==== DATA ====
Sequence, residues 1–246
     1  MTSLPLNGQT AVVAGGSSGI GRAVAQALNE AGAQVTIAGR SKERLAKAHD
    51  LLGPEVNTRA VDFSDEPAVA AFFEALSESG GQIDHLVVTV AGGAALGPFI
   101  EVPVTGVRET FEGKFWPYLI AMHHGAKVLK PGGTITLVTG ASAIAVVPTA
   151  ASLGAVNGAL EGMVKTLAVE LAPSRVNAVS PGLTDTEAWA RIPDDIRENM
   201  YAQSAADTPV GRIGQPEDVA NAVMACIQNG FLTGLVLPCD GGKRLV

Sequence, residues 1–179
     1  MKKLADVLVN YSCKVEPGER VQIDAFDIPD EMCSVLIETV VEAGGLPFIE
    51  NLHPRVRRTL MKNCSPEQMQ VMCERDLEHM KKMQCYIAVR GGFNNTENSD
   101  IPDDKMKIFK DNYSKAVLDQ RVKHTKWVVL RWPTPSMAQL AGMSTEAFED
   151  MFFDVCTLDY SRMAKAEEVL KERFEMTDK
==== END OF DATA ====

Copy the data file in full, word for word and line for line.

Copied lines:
Sequence, residues 1–246
     1  MTSLPLNGQT AVVAGGSSGI GRAVAQALNE AGAQVTIAGR SKERLAKAHD
    51  LLGPEVNTRA VDFSDEPAVA AFFEALSESG GQIDHLVVTV AGGAALGPFI
   101  EVPVTGVRET FEGKFWPYLI AMHHGAKVLK PGGTITLVTG ASAIAVVPTA
   151  ASLGAVNGAL EGMVKTLAVE LAPSRVNAVS PGLTDTEAWA RIPDDIRENM
   201  YAQSAADTPV GRIGQPEDVA NAVMACIQNG FLTGLVLPCD GGKRLV

Sequence, residues 1–179
     1  MKKLADVLVN YSCKVEPGER VQIDAFDIPD EMCSVLIETV VEAGGLPFIE
    51  NLHPRVRRTL MKNCSPEQMQ VMCERDLEHM KKMQCYIAVR GGFNNTENSD
   101  IPDDKMKIFK DNYSKAVLDQ RVKHTKWVVL RWPTPSMAQL AGMSTEAFED
   151  MFFDVCTLDY SRMAKAEEVL KERFEMTDK